1. Keep control strategies current – Vaccines remain an important tool for disease control. The past dozen years have taught us that, with influenza virus especially, we are shooting at a moving target. Both for applications of herd-specific autogenous vaccines and for development of licensed commercial vaccines, an understanding of virus changes and trends are crucial for maintaining vaccine effectiveness. We simply have to keep track of what’s going on with the virus in order to produce effective vaccines.

    Diagnostic tests also need to keep pace with virus changes. An accurate diagnosis is a key component of any disease control program. We are fortunate to have several very good diagnostic tests for influenza virus, but these tests must be tweaked occasionally in response to changes in the viruses that are circulating in swine herds. Cataloging the breadth of influenza virus diversity helps ensure our diagnostic tests are up to the task of detecting a virus that changes stripes readily.

  2. Develop effective, new control methods – As new methods or tools are developed for influenza control, they must be tested against a broad set of influenza viruses to ensure that the benefits extend to the full spectrum of viruses and how they affect pigs. But controlling flu in pigs could actually be good for more than just the pigs. That’s because flu is flu — more or less. Flu in pigs and people share many of the same features. The worldwide focus on ‘swine flu’ last year started a fire in the bellies of some agencies and now they want to increase flu research funding in many places. Research into new disease control methods that benefit people might really help pigs — and vice versa. Demonstrating a cooperative spirit by participating in a government-sponsored and funded surveillance program enhances the collaborations among research groups serving both the interests of pigs and people.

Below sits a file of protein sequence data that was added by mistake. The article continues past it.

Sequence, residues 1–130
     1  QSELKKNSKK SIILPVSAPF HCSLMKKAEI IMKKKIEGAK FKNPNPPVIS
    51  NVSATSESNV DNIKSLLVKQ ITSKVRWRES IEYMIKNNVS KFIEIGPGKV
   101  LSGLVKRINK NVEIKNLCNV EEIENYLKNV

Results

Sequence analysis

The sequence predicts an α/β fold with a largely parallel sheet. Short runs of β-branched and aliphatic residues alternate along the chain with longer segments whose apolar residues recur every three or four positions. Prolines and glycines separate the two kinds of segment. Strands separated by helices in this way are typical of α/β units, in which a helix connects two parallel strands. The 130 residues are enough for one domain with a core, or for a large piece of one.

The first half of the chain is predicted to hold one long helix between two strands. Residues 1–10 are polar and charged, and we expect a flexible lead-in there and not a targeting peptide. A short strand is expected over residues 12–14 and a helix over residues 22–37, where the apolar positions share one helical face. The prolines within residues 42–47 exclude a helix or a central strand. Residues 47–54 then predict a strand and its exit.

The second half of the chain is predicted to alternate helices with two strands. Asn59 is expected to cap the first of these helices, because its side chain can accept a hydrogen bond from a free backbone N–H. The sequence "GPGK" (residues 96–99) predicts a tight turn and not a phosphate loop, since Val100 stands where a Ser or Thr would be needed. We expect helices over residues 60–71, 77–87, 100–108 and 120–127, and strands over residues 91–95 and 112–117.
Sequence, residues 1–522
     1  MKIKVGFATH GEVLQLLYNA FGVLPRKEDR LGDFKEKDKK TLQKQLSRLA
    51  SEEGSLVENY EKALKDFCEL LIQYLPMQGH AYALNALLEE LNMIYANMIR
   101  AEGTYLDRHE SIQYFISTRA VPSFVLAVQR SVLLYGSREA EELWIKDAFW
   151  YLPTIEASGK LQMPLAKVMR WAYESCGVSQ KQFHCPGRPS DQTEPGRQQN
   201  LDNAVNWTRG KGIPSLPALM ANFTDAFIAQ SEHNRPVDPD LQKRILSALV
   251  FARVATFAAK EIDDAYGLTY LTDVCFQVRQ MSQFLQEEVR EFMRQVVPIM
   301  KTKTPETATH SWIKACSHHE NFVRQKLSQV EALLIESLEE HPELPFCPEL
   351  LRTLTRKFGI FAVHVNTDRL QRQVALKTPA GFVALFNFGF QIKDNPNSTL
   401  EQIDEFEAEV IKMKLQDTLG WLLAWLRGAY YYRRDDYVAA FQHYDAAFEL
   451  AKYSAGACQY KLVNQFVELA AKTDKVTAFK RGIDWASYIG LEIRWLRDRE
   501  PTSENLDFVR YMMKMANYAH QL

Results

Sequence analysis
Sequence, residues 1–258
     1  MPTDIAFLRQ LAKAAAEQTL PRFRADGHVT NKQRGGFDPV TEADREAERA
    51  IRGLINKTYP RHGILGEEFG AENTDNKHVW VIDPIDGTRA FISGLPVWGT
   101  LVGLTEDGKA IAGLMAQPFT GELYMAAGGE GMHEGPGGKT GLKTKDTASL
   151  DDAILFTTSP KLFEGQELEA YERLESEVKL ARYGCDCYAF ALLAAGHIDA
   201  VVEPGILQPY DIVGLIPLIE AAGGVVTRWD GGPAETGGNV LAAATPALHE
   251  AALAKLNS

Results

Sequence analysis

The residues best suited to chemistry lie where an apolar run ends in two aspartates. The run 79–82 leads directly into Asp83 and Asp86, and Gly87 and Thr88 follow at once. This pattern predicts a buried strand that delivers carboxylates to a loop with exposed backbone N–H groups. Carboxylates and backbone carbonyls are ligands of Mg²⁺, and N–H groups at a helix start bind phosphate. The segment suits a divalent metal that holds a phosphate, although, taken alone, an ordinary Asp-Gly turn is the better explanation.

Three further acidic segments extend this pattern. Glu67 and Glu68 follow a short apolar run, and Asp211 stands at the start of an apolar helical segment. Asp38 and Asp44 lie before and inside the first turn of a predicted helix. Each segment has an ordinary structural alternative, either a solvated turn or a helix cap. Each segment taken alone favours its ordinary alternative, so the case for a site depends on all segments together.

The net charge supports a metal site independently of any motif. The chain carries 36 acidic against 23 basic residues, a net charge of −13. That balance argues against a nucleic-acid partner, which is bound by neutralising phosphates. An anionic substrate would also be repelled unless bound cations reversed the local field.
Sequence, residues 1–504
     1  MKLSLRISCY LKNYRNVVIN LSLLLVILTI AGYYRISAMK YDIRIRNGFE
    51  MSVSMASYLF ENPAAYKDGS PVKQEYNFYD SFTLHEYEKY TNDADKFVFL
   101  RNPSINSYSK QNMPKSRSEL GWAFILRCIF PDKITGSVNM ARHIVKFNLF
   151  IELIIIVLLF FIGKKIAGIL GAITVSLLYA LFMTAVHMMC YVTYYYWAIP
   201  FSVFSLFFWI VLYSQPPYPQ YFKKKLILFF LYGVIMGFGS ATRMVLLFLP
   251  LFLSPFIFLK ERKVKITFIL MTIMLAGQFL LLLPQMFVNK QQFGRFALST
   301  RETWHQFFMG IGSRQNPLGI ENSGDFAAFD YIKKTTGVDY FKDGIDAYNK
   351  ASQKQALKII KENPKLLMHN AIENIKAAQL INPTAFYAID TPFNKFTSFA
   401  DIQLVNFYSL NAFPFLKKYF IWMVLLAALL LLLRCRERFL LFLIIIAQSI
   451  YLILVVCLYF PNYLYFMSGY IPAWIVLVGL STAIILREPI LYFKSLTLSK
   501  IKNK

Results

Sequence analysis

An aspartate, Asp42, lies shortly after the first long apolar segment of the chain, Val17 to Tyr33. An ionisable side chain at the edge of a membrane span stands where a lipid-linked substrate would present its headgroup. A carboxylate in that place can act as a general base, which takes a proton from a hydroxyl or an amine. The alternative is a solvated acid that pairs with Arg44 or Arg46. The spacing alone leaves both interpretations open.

3. One health – The human medical and public health communities are coming around to a clearer understanding of infectious diseases that move back and forth between people and animals, be they domesticated livestock, pets or wildlife. This has resulted in some increased funding for animal disease research and surveillance and has also increased scrutiny of many livestock production practices.

    Animal agriculture is learning how to deal with outside parties going beyond simply sticking their noses into our business. Outside detractors are feeding policymakers, politicians and voters a steady diet of misinformation about what, why and how we do things. If we believe that better information will improve the political and regulatory processes, then we have an opportunity and an obligation to take advantage of this high visibility and low risk surveillance program as a small step in that direction. This is definitely one of those situations where “it’s better to be at the table than wind up on the menu.”
Finally, it might be your nickel, but it’s their dime. Government funding of animal disease surveillance has been on the decline for many years. Renewed interest in and funding for livestock and poultry disease monitoring is obviously focused on its impact on human health, but information that is generated on influenza virus diversity is beneficial to our control efforts regardless of who signs the check.

Marie Gramer, DVM
grame003@umn.edu
Jerry Torrison, DVM
torri001@umn.edu
Minnesota Veterinary Diagnostic Laboratory